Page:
New Mexico offers solar customers more transparency

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New Mexico’s Attorney General Hector Balderas has created a disclosure form designed to make solar contracts easier to understand for consumers and protect them from unscrupulous sales tactics.

Created after getting input from the solar and housing industries, consumer protection groups and regulators, the form is designed to help consumers education themselves with the terms necessary for them to understand solar contracts, whether the consumer is purchasing or leasing their system, or signing a power-purchase agreement (PPA).

The number of complaints from New Mexicans who feel they’ve been misled by solar companies have been on the rise, particularly those for whom English is not their first language. In the release announcing the new document, Balderas provided a phone number where consumers can register their complaints.

Balderas said the form may be used to comply with the requirements of the Distributed Generation Disclosure Act by companies who offer rooftop solar systems.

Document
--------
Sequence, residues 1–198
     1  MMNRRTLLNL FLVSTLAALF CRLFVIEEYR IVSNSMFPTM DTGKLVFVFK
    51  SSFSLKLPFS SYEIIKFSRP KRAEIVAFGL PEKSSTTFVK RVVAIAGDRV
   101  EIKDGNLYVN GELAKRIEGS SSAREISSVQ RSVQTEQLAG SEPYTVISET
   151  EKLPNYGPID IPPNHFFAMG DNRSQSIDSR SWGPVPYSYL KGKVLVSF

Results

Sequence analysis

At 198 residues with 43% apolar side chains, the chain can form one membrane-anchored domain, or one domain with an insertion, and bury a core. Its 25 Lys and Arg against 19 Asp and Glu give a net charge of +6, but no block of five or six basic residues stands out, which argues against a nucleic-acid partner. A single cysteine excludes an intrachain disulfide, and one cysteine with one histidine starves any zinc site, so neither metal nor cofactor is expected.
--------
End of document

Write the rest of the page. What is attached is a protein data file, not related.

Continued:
As with many younger industries with low barriers to entry, the solar industry has attracted some shady characters whose only interest is making profits, even if it means preying on poorly informed consumers.

But as Balderas’ actions show, there is now a much larger emphasis on protecting consumers from such solar installers. The Solar Energy Industries Association (SEIA) has said that one of its priorities is to improve the protection of solar consumers’ rights.

Last March, SEIA launched a consumer education campaign to much fanfare, and it says it is continuing to develop more resources for consumers to use to protect themselves.

“Consumer protection continues to be of utmost importance to our industry and SEIA,” said Abigail Ross Hopper, SEIA’s president and CEO. “We are very encouraged by the steps being taken in New Mexico to help consumers better understand solar transactions. We look forward to working with other states who want to ensure consumers feel fully confident in their decision to go solar while allowing the solar industry to thrive in those states.”

Read the four-page form below:

UPDATE: This article was edited at 10:13 am on 1/9/2018 to add comments from Abigail Ross Hopper, SEIA’s president and CEO.